Photos by Josh Keown
Solar powered and community minded—Brooklyn Pizza Company brings New York-style pizza to Tucson, Arizona. Opened in 1996, the pizzeria is centered in the hip, eclectic business corridor of Fourth Avenue, nestled next to the University of Arizona (UofA). It’s usually a busy district of foot and street traffic, taking in the mix of restaurants, bars and shops.
Owner, Tony Vaccaro
But, the block was a buzz of construction during a Pizza Today visit this summer. Fourth Avenue was closed and the sidewalk in front of the pizzeria was a maze of fencing, weaving around the crossing street intersections. The beeping of steamrollers, bull dozens and dump trucks, the blowing dust and flurry of construction crews about, and Brooklyn Pizza Company remained open, even while some neighboring businesses closed.
The construction—continued through July— is part of a $196.8-million modern streetcar line transit system, that will link Fourth Avenue with UofA, downtown Tucson and the historic Westside. “The construction has hurt business obviously,” Vaccaro says. “It’s hard to get here.”
To accommodate Brooklyn’s customers, Vaccaro’s team put up signs to direct traffic to the building. He also sent out mailers with maps. Brooklyn ran a “Construction Special,” giving a free pint of its house-made Italian ice with any purchase over $15.
Even with Vaccaro’s efforts, Brooklyn’s sales were down 20 percent from its previous year during the street project. He says he was kept abreast of the streetcar updates and he sent a staff member to community meetings.
The inconveniences and loss in sales, Vaccaro says, will all be worth it. “Afterwards, business will be up 20 percent and that will last for many years to come,” he says, adding that a new residence hall being constructed a block away will also increase sales for the long run.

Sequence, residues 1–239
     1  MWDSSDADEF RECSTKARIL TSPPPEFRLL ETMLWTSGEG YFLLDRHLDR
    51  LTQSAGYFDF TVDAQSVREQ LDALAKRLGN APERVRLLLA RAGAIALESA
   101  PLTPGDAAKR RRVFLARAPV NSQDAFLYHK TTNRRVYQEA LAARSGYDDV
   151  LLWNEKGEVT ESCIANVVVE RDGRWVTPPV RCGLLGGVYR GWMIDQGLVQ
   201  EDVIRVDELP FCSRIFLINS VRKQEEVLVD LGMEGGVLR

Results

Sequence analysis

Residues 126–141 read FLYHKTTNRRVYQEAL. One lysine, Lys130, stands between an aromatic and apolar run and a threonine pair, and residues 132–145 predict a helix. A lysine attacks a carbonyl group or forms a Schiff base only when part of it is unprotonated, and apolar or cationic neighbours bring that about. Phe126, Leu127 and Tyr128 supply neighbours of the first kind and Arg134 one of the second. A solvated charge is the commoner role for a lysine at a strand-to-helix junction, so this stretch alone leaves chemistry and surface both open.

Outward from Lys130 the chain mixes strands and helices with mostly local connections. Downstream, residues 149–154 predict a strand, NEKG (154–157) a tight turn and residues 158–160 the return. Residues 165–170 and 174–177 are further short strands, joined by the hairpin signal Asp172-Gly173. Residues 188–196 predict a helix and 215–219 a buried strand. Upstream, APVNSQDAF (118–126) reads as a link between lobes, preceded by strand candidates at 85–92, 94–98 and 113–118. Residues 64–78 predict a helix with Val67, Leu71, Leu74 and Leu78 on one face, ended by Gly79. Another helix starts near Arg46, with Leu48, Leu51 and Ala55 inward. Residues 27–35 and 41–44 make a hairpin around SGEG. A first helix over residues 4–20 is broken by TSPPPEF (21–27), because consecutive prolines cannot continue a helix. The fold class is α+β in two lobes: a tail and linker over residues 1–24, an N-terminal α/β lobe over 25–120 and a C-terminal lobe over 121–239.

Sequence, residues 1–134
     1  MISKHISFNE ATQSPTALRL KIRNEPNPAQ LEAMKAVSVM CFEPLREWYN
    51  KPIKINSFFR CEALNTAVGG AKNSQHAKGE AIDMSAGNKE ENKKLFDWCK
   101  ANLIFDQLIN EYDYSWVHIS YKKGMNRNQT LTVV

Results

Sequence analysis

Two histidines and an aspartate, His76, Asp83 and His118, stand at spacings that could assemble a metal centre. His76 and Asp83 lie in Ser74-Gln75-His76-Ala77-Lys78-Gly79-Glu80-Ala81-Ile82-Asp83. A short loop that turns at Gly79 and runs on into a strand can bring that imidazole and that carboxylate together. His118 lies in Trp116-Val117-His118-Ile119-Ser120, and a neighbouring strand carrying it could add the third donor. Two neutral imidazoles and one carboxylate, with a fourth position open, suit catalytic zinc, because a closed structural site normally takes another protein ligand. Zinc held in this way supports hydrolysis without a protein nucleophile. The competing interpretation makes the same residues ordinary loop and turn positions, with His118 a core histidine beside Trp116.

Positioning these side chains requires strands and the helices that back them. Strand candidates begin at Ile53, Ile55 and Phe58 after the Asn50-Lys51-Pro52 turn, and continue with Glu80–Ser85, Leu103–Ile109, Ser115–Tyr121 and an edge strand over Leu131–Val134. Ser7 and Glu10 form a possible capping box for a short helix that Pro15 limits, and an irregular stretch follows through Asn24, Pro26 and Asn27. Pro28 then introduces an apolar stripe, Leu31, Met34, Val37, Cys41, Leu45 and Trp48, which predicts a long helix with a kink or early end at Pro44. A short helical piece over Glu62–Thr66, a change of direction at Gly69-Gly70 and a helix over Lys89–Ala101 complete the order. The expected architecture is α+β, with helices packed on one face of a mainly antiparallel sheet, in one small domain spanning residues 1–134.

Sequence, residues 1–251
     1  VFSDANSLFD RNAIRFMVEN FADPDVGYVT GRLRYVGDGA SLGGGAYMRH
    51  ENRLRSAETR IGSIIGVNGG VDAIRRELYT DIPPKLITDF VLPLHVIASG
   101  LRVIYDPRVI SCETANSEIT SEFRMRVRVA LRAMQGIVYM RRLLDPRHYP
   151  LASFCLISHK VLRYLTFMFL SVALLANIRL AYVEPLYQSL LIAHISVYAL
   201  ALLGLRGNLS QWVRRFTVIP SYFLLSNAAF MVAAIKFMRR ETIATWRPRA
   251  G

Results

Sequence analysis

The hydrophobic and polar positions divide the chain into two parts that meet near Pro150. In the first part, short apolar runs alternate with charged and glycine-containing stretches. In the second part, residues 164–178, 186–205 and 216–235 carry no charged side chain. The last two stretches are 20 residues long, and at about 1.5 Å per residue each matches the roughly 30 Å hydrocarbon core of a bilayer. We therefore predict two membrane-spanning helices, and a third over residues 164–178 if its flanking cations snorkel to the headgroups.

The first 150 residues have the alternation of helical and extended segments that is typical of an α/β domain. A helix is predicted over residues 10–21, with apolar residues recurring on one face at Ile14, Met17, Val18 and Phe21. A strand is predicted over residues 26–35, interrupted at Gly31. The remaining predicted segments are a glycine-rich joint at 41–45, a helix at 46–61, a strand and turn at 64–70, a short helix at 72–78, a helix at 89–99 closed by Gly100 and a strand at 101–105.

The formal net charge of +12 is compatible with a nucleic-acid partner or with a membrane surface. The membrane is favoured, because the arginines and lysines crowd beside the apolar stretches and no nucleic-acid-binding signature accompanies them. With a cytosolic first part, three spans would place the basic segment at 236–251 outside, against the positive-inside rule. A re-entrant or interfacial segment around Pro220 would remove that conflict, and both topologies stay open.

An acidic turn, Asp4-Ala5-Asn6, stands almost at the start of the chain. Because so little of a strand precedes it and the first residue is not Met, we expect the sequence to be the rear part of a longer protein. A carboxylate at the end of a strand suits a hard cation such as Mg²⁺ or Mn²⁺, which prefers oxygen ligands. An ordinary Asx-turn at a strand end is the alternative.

A sustainable transit system that improves the environment and reduces congestion is quite fitting for a pizzeria that was the first in southern Arizona to become 100-percent solar powered. When Vaccaro bought the building that housed his pizzeria and a neighboring nightclub SkyBar nearly six years ago, he immediately began to retrofit the facility with solar panels. Adding the units in three installations, the final stage was completed in 2010. The rooftops of Brooklyn and SkyBar are filled with solar panels. The last
stage was its most creative. Vaccaro turned his parking lot into covered parking with panels lining the tops of custom parking structures. It’s become an added relief for customers in the sun-soaked desert.
Vaccaro was able to install the entire $600,000-solar system for $150,000, thanks to federal grants, state rebates and local power company rebates. He says the solar will be paid off within five to seven years, adding that the panels last more than 30 years. “It’s great on so many levels and the customers love it,” he says.
When patrons enter the 50-seat pizzeria, they can view Brooklyn’s live energy production on a wall-mounted monitor, along with rotating renewable energy facts. Having the monitor, Vaccaro says, gets a lot of attention. Customers are able to witness firsthand
the impact of the system that * generates over 160,000 kilowatts of electricity per year, resulting in more than $488,000 in utility cost savings over the next 25 years. Going beyond solar, Brooklyn participates in other green programs including recycling, delivery service using a Smartcar and an electric Zap Car and water collection to run the water-cooling system for the Italian ice machine.
Vaccaro says, Brooklyn’s commitment to the environment is part the pizzeria’s unique selling proposition and separates it from competitors.